DHS watchdog applies data analytics to private insurance database.
In delivering disaster aid to eligible victims of the 2012 Hurricane Sandy, the Federal Emergency Management Agency paid about $250 million to some 29,000 applicants who had also received benefits from private insurers, a watchdog found.
The Homeland Security Department Inspector General’s Office used data analytics to compare claims of applicants for federal aid with a private insurance database, the office said in an Oct. 23 report titled, “FEMA Faces Challenges in Verifying Applicants' Insurance Policies for the Individuals and Households Program.”
While federal statutes “require FEMA to develop a verification process for the program,” the report said, “the agency has so far been unable to develop or identify a nationwide database for private insurance coverage. It instead solely relies on applicants’ self-certification and legal warnings on application forms.”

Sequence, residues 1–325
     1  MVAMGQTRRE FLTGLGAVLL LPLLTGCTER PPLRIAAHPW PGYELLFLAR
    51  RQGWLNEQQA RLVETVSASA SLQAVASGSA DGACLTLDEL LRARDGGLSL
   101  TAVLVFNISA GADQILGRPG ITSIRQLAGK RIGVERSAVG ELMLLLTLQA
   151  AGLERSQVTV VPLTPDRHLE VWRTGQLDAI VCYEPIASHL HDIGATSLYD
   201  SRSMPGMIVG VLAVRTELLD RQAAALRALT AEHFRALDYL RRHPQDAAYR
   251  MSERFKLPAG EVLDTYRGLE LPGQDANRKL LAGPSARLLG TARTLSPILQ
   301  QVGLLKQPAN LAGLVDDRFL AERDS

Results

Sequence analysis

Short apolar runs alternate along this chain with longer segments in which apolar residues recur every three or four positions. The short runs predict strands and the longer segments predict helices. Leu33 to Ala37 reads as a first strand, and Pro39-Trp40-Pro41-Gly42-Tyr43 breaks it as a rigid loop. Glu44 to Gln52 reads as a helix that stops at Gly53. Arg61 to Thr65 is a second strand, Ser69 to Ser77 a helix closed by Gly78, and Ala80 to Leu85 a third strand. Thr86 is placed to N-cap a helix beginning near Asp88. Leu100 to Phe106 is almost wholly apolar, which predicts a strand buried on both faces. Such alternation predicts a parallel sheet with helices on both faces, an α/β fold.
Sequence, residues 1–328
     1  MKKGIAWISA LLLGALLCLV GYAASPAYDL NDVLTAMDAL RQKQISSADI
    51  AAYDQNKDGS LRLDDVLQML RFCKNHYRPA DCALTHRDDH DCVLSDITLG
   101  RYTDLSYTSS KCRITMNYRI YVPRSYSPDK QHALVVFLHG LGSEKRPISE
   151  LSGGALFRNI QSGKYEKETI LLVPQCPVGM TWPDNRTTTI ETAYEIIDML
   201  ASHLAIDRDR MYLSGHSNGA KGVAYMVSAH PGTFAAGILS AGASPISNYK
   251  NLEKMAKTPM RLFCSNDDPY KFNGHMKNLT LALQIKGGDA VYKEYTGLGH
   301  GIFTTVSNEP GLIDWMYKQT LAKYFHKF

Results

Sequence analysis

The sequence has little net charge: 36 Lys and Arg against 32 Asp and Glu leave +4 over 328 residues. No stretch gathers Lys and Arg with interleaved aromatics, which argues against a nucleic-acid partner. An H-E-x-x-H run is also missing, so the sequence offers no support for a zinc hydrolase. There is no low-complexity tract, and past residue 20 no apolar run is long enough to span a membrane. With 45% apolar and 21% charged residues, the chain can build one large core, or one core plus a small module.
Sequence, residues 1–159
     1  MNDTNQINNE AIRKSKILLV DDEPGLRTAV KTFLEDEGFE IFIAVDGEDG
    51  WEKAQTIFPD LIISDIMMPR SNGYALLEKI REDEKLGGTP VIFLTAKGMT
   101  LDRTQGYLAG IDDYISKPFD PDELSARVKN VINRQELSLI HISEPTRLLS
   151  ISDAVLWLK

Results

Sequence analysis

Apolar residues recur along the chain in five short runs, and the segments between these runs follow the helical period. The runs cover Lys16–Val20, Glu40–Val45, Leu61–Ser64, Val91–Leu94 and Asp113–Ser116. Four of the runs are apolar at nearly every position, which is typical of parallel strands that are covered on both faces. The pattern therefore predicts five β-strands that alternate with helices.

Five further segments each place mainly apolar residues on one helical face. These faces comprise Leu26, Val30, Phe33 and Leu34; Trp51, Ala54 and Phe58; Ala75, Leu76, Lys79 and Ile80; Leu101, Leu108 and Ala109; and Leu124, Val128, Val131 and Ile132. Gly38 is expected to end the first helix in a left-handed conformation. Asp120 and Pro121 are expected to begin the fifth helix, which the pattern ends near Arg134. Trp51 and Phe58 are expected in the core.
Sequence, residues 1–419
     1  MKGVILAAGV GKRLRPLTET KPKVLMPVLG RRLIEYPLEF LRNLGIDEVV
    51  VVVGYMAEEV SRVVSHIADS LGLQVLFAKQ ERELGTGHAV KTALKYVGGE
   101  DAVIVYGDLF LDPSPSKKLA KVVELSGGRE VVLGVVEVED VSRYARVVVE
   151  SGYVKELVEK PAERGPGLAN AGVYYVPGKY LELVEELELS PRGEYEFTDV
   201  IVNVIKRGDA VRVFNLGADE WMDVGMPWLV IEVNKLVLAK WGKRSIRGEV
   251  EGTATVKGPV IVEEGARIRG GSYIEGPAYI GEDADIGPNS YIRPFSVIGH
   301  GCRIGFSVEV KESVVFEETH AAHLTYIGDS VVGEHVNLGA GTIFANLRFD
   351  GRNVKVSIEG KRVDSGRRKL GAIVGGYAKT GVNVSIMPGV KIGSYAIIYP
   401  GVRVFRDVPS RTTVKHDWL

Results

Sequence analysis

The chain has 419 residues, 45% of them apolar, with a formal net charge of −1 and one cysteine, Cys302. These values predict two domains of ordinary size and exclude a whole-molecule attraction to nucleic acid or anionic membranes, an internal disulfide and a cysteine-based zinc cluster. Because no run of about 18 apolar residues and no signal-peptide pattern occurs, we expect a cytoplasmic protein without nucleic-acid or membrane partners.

The IG referred 51 cases of possible fraud for further investigation. “FEMA needs to solve this insurance verification problem as soon as possible,” said IG John Roth. “Until it does, federal funds invested in disaster relief will continue to be at risk of widespread fraud, waste and abuse.”
Specifically, auditors recommended that FEMA should make applicants aware of penalties for false statements, use an insurance database to review all cases of possible duplication and recoup funds that should not have been paid, and continue researching options to use an insurance database to screen individual assistance applications.
FEMA officials agreed.
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